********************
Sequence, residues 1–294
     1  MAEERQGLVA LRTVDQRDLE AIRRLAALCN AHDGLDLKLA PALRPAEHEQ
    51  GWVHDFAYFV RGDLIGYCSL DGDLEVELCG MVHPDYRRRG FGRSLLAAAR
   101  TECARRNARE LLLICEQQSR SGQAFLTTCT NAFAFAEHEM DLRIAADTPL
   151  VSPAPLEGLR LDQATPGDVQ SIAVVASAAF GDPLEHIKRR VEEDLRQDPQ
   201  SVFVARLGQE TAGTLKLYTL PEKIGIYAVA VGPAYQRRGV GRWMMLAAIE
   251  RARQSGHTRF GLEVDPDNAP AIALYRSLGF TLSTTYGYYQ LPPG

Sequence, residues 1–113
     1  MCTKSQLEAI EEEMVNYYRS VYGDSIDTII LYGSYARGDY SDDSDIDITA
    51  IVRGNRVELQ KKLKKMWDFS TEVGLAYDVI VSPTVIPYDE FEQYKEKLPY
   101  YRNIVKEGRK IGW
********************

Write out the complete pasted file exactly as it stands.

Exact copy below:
Sequence, residues 1–294
     1  MAEERQGLVA LRTVDQRDLE AIRRLAALCN AHDGLDLKLA PALRPAEHEQ
    51  GWVHDFAYFV RGDLIGYCSL DGDLEVELCG MVHPDYRRRG FGRSLLAAAR
   101  TECARRNARE LLLICEQQSR SGQAFLTTCT NAFAFAEHEM DLRIAADTPL
   151  VSPAPLEGLR LDQATPGDVQ SIAVVASAAF GDPLEHIKRR VEEDLRQDPQ
   201  SVFVARLGQE TAGTLKLYTL PEKIGIYAVA VGPAYQRRGV GRWMMLAAIE
   251  RARQSGHTRF GLEVDPDNAP AIALYRSLGF TLSTTYGYYQ LPPG

Sequence, residues 1–113
     1  MCTKSQLEAI EEEMVNYYRS VYGDSIDTII LYGSYARGDY SDDSDIDITA
    51  IVRGNRVELQ KKLKKMWDFS TEVGLAYDVI VSPTVIPYDE FEQYKEKLPY
   101  YRNIVKEGRK IGW